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Actual behavior

down goes right


Expected behavior

down goes down

It looks more obvious to me and less confusing. I guess it can save some time as well, having two paths to navigate on the tabs panel.

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How hard would it be to arrange suggestions in a 1 3 5, 2 4 6 manner? –  badp Aug 9 '11 at 19:50
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Sad that this got declined. –  cwallenpoole Aug 18 '11 at 17:55
    
Actually, this makes sense. I can see why it got declined. –  staticx Aug 30 '11 at 18:40

4 Answers 4

up vote 9 down vote accepted

So, collecting some feedback (the comment from bad π, my own opinion, and the comment from cwallenpoole), this could be the right way of moving with the down key:

enter image description here

The last arrow (from the last cell to the first one) is optional here (now it blocks when at the end).

The up-arrow would go in the inverse direction, of course.

I'm not sure if it is sensible to also map the left-right arrows to horizontal movement - I think, now they are moving in the text field.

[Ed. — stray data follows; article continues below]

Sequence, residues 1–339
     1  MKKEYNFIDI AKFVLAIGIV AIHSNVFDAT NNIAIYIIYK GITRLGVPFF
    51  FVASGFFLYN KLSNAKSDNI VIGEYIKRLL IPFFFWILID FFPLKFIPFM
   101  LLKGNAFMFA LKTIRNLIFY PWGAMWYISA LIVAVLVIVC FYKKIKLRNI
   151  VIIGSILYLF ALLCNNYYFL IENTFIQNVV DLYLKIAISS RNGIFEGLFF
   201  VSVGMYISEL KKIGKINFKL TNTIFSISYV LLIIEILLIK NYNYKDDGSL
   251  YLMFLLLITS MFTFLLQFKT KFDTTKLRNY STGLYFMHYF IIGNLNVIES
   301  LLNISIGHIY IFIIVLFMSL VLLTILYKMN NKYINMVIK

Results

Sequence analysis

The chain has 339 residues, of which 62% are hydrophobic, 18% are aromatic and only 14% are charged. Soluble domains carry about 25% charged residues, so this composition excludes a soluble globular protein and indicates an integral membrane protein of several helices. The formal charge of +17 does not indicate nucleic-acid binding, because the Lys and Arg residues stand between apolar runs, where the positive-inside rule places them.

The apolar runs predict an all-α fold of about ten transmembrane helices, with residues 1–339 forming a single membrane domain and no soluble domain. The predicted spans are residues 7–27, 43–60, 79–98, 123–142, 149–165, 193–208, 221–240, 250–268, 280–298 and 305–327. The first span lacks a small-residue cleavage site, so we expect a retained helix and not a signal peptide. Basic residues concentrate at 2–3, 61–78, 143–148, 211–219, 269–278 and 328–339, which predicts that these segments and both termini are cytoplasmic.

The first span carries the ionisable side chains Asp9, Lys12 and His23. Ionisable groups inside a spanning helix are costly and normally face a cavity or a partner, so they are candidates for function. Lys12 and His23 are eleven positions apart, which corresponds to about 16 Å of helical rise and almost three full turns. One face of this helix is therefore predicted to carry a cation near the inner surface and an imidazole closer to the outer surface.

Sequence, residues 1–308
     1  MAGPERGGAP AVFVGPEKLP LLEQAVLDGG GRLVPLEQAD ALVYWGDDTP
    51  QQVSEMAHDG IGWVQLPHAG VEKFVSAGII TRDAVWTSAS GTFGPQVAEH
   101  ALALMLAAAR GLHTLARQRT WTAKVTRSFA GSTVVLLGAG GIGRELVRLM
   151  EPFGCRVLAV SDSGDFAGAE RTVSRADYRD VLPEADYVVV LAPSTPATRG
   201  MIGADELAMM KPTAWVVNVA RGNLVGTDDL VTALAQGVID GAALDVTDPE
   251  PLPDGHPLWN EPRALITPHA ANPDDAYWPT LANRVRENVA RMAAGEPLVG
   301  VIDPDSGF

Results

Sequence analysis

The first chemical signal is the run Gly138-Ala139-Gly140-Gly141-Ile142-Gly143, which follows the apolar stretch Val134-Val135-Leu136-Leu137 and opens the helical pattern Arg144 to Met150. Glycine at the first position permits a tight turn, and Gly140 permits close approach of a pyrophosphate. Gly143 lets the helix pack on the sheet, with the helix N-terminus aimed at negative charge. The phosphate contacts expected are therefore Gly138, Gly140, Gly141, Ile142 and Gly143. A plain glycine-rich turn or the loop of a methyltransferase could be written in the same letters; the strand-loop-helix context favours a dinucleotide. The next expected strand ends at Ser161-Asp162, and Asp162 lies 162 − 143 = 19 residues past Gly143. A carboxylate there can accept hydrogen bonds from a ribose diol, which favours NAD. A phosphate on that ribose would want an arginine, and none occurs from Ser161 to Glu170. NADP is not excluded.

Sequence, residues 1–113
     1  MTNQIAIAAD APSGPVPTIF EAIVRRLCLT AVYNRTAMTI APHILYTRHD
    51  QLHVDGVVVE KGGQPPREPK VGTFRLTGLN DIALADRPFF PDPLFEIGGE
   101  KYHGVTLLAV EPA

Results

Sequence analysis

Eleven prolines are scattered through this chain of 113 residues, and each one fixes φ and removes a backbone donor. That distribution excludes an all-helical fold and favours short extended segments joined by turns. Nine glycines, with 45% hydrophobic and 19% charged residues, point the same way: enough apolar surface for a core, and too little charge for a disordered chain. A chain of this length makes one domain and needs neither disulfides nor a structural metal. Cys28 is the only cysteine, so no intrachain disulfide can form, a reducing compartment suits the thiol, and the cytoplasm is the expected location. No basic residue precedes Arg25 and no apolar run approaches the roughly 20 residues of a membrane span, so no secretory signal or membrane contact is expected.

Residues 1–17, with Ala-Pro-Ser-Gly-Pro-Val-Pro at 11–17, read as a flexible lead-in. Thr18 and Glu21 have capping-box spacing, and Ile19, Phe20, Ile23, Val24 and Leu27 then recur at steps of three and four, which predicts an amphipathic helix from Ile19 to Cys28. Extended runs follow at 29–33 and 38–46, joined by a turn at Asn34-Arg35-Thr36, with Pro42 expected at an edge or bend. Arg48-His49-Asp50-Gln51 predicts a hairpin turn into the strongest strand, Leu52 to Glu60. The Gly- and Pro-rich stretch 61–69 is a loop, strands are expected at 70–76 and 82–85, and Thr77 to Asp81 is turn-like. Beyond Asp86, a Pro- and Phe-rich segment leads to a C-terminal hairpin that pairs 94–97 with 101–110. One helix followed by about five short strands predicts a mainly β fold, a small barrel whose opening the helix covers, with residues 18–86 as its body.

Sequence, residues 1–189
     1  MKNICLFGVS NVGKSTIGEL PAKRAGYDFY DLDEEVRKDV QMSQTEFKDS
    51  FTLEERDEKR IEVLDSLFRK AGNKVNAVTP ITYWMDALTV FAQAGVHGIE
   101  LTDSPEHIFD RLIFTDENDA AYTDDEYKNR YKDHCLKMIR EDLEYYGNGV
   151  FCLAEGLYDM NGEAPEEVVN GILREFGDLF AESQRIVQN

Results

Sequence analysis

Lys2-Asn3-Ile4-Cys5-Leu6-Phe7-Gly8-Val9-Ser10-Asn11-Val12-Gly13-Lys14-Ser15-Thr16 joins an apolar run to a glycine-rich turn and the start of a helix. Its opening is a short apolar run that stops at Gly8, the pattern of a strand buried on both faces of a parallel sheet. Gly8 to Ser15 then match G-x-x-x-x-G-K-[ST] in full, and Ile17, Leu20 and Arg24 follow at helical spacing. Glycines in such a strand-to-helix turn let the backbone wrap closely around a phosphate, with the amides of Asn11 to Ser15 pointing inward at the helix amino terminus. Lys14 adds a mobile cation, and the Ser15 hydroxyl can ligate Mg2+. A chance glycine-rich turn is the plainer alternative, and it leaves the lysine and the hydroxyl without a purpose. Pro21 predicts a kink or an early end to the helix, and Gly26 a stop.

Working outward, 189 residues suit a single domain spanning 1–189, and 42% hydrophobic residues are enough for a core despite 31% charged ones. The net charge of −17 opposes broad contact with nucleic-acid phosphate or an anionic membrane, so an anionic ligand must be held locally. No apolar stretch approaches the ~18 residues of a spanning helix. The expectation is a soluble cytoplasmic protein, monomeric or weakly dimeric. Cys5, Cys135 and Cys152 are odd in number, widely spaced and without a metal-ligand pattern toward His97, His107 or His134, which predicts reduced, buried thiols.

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I really think this is the best idea. –  cwallenpoole Aug 10 '11 at 17:13
    
Seems to be the easiest way to solve the 'wrong direction' issue. Nice idea. –  BrunoLM Aug 10 '11 at 19:00

I'll agree that on its own, especially since there are only at most 6 cells, it does have a more intuitive feel to have up move up and not left, and down move down and not right in this layout. This feels especially pronounced when using the edit tags functionality.

But, at the same time, in Google, when I want to move between auto-completes, the down arrow is how I will move between selections. Because I'm thinking of it as an auto-complete (and not a grid layout) exclusive use of the down arrow "feels" more intuitive in that context. When creating a question, the "it feels like auto-complete", to me, at least, becomes more prominent.

Also, despite its layout, ideologically, this is really a <select>. It might be best to keep it functioning that way.

Personally, if I were king of the SE, I'd stet. It does not cause substantial cognitive dissonance when thought about, and it follows (at least in one sense) a very common UI already in place.

EDIT

(This originally started a comment, but it seems important enough to append to the answer)

This actually goes to the question of ease of use vs. intuition. The easiest motion for a person is to continually hit the same button and possibly another. The more expected UI is to require the person to (probably) use 2 buttons and then make them need up to 4 to get full motion.

I prefer one button over two because I find it easier and, honestly, I like my UI as easy as possible even if that sacrifices a more intuitive interface. I'll only find an interface strange perhaps once or twice and then I'll adapt. I'll find a less easy interface less easy every single time I use it.